By Gabriel Sams
Picture yourself as a Jewish man known as Simon Wiesenthal. You are an inmate at a concentration camp in Poland when you are taken to a room occupied by Karl, a dying SS soldier. He confesses to a horrid crime of killing many innocent Jewish men, women, and children. He then asks for forgiveness. The man begs and pleads for an end to his guilt before he dies. Would you forgive this man?
Mark Twain once said “Forgiveness is the fragrance that the violet sheds on the heel that crushed it.” Forgiving is hard. Sometimes it feels like you’ve been crushed, but letting go of these emotions helps you to spring back up. But what does it mean to forgive? Well, mostly it means letting go of the grudges you hold against whatever you’re forgiving. But when you forgive, you change your view on whatever happened. Angelina Haupt says that “By letting go, you give up your role as the victim and become equals again.” After forgiveness, you give up being the one who was wronged and leave it behind along with whatever bad emotions came with it. Simon Wiesenthal was forced into a choice of to forgive or not, but what about the man named Karl?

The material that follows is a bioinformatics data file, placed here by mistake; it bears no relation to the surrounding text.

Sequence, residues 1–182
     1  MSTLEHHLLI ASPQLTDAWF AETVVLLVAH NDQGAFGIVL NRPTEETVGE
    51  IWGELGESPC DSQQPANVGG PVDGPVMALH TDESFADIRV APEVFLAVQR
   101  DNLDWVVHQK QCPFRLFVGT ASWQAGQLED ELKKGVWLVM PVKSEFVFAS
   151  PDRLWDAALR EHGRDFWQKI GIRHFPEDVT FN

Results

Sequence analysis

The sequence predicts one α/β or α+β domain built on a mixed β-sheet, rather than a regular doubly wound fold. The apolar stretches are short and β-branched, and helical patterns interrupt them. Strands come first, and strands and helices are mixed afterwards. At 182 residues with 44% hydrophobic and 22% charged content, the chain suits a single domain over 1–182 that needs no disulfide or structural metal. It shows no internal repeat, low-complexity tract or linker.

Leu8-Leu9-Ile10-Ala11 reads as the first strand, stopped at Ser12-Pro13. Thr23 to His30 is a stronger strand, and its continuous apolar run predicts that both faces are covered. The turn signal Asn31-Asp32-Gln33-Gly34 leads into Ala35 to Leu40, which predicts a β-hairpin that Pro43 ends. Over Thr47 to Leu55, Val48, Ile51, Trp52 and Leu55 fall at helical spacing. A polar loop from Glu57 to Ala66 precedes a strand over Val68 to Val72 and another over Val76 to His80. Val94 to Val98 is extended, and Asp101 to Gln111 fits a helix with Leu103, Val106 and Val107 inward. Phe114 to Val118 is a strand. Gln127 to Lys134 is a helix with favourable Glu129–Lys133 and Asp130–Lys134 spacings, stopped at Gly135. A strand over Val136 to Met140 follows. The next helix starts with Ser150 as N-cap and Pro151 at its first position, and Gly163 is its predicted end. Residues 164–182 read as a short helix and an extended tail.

Karl was on his death bed, pleading for forgiveness for what he’s done. All he asks is that Simon “will grant him a final wish… the wish of forgiveness.” (The Sunflower) He was sincerely apologizing for what he did. The word “sorry” has been completely overused by everyone. We’ve used it so often that it’s meaningless. It’s almost become immediate when we’ve done something wrong. We just say “Oops, sorry” and forget about it, but to truly apologize, it has to be sincere and from the heart. If I were in Karl’s position, the guilt I would feel would be horrendous. I would probably break down crying and beg for mercy and forgiveness. But how do you say “I’m Sorry”? in a way that is meaningful? Well, you don’t. To truly apologize, it has to be personal. You change what you say according to what you did. When you take the time to personalize your apology, then it is truly sincere.
When Karl begged to be forgiven, Simon said nothing and left him on his death bed. I then asked myself: “Would I do that”? Well, the short answer is